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linguoboy wrote:I don't get the feeling that most liberals are interested in electoral reform per se--it's too wonkish and confusing for most people. They only get engaged if they can see a clear advantage for the people they like.
For instance, look at all the outrage over voter disenfranchisement this year. Republicans have figured out that greater turnout disproportionately benefits the Democrats, so they initiated measures to reduce it (under the cover of fighting "voter fraud"). Democrats sought to have many of these blocked in the courts on the basis that they mostly impacted lower-income and minority voters--who happen to be among those most likely to vote Democratic.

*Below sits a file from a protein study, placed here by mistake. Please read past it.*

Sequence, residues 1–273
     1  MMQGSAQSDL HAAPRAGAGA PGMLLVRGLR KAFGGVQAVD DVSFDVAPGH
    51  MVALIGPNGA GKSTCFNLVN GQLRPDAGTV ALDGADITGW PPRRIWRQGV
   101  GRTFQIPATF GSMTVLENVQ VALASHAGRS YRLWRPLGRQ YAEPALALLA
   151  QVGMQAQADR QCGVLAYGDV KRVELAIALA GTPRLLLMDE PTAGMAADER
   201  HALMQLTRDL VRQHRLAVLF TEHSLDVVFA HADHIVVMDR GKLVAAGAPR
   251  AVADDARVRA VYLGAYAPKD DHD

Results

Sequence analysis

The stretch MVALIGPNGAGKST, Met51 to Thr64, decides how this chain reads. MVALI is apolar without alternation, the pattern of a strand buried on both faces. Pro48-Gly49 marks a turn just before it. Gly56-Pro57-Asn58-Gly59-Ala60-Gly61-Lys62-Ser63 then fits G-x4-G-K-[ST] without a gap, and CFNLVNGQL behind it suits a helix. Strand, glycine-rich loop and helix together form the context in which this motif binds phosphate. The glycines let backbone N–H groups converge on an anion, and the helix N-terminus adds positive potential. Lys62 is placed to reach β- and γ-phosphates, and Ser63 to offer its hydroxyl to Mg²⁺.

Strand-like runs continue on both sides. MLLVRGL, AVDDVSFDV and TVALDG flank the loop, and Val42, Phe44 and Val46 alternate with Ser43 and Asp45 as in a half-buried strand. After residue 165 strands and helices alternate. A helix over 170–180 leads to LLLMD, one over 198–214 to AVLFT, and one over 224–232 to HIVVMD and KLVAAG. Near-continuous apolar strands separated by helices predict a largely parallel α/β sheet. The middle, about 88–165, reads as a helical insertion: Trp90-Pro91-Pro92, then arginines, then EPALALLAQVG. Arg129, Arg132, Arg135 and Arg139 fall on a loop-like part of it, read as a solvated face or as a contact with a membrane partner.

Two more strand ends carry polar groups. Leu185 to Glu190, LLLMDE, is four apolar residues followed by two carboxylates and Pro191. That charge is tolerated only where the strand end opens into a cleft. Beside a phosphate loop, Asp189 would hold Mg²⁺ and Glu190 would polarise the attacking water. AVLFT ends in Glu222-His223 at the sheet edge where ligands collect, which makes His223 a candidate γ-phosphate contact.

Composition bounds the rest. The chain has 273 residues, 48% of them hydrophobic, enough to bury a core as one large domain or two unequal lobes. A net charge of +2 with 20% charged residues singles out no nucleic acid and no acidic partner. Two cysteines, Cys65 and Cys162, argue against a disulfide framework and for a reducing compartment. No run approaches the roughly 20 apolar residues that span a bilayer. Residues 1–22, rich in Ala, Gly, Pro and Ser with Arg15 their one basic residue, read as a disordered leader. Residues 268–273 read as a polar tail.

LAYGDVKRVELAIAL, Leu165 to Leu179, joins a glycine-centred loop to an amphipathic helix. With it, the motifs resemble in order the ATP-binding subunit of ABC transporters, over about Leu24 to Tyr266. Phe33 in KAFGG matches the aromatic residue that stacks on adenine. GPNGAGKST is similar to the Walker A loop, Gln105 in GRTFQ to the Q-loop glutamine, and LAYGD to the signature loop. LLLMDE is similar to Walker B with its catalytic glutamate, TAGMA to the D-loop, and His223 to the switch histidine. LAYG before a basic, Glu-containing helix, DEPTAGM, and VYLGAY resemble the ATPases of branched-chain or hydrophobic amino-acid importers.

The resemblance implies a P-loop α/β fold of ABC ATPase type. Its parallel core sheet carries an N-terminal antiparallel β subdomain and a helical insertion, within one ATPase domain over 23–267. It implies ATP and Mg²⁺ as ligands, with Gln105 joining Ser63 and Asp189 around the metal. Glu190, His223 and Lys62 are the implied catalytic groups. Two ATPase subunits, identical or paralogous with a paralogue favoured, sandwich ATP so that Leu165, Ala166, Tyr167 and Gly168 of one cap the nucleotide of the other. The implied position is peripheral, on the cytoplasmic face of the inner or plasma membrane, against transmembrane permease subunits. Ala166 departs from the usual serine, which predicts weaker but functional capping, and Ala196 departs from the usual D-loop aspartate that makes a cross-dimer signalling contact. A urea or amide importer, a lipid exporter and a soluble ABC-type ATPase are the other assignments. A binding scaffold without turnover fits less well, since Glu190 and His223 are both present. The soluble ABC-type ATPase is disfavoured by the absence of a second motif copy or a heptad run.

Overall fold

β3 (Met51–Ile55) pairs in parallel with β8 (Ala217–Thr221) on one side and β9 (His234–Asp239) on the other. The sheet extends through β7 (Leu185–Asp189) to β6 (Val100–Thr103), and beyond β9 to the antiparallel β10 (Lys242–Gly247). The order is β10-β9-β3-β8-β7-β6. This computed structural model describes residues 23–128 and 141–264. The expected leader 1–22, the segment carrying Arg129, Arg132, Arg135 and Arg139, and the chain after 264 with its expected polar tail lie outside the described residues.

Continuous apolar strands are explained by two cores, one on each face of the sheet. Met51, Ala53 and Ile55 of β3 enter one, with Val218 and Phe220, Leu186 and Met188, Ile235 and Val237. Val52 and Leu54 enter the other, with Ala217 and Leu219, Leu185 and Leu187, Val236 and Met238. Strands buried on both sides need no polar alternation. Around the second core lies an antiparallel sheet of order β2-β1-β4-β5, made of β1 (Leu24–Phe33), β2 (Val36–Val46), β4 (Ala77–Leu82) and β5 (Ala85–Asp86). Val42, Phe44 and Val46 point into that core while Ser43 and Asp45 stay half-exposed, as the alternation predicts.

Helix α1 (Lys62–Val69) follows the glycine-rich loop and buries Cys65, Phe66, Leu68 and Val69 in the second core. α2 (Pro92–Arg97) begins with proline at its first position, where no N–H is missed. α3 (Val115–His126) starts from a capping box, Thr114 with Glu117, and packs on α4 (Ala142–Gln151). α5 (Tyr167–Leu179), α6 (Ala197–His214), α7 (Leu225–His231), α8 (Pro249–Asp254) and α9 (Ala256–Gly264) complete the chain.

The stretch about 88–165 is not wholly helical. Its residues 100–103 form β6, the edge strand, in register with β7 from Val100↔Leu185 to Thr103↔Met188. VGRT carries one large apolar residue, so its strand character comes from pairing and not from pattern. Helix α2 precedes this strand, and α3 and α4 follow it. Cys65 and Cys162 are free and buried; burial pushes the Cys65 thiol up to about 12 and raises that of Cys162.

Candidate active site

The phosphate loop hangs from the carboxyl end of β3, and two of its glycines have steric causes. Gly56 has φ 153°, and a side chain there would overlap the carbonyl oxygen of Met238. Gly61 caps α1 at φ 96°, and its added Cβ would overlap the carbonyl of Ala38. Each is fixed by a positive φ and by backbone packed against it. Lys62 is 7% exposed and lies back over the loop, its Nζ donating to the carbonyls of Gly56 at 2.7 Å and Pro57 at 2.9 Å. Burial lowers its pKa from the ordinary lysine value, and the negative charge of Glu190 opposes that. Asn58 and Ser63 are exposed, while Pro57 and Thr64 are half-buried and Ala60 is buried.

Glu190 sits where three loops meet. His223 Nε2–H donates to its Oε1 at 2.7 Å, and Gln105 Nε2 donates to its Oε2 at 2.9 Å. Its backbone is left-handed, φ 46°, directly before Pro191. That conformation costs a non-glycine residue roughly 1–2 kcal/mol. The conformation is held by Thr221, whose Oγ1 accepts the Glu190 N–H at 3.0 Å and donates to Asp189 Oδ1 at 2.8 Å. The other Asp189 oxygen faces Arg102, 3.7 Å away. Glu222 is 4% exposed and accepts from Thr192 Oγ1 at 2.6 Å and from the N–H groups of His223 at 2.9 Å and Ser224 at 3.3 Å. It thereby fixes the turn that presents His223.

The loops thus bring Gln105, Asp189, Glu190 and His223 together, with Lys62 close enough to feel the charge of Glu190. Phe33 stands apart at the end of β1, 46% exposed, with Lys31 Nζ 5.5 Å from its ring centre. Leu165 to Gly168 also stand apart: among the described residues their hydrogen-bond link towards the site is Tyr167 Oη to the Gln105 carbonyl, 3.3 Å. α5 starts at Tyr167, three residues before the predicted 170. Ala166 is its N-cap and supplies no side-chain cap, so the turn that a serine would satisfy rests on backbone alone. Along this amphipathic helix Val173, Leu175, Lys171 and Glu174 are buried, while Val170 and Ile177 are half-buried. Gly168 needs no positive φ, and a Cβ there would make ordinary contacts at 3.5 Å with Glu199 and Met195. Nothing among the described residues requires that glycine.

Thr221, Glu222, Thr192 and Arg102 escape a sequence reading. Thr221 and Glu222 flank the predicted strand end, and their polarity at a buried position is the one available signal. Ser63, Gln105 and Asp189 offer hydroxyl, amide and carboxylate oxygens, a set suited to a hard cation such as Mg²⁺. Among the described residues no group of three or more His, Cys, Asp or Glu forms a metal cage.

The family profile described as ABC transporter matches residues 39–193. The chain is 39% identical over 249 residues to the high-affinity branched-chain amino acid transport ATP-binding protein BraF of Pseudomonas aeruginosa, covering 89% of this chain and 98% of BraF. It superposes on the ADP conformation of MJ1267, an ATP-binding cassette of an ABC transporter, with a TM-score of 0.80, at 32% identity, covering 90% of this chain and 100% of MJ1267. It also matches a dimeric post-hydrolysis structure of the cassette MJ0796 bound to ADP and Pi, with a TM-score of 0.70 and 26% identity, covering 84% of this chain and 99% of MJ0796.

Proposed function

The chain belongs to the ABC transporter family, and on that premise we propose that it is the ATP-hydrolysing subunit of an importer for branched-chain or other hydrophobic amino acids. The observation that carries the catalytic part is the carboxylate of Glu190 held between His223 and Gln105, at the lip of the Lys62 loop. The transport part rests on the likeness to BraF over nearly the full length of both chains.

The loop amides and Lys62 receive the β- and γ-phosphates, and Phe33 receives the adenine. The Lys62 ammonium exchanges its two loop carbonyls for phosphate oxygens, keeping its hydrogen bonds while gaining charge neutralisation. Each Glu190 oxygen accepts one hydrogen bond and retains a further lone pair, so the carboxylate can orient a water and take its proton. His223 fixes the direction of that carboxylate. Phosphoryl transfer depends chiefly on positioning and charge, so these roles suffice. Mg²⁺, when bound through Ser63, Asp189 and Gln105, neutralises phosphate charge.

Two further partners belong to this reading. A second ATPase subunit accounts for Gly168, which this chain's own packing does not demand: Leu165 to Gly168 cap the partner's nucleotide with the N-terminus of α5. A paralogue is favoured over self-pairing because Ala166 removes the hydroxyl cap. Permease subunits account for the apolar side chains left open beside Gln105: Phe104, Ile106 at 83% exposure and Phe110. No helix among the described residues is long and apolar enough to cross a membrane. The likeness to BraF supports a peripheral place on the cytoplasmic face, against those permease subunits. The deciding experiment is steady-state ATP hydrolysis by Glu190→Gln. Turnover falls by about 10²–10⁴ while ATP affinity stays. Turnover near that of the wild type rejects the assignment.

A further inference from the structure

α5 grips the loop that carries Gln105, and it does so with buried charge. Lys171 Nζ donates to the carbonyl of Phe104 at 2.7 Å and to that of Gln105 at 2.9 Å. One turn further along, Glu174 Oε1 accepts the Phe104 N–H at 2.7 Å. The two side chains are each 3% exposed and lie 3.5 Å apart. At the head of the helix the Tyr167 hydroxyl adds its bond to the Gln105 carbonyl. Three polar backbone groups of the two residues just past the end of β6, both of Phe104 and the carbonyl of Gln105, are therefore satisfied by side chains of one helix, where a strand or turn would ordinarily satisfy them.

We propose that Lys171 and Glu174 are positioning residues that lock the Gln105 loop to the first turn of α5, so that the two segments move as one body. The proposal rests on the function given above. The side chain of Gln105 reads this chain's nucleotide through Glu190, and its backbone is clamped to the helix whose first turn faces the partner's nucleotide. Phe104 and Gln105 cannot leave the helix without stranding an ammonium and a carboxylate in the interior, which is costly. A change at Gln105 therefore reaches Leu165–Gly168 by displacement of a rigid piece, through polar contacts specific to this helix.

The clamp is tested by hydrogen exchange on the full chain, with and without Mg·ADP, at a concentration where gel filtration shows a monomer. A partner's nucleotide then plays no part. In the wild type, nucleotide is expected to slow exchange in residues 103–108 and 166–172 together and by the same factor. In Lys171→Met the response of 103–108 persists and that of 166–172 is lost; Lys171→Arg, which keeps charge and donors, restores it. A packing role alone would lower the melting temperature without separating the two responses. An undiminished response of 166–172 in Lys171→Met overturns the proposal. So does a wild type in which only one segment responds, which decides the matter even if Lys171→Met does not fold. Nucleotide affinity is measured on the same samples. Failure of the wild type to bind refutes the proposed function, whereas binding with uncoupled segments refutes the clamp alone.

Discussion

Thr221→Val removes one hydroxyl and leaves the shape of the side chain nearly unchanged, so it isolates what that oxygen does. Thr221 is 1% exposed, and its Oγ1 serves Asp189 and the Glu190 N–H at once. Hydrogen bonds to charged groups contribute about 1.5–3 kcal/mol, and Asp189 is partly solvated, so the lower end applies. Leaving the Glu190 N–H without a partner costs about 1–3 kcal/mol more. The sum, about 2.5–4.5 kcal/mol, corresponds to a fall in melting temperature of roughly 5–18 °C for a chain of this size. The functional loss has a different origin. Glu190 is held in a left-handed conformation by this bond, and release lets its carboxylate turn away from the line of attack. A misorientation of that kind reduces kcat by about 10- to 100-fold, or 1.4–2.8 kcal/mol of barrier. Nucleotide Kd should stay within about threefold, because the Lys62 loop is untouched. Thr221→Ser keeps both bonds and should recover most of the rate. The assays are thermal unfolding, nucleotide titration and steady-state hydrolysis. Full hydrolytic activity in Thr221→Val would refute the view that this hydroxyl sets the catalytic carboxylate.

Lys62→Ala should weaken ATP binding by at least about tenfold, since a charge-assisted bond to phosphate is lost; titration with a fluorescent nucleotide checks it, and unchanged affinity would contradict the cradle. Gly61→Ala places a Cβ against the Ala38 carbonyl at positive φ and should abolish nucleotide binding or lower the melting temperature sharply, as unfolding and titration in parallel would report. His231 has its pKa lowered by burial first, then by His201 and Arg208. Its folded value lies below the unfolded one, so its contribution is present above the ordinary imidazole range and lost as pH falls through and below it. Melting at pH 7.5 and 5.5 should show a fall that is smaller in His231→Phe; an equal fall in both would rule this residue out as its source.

But if, say, those being kept away from the polls were mostly Republicans, would the Good Liberals be making much noise? They seem quite fine with the fact that in, some states, convicted felons are disenfrachised for life, regardless of how long it's been since they've served their time, and that most states restrict their voting rights in one way or another.
The real problem is that what's best for the electorate (i.e. more choice, more turnover) is worst for the incumbents--regardless of party affiliation--and it's the politicians in power who would have to approve the changes. I really don't see a way forward without a massive shift in political consciousness among hoi polloi.
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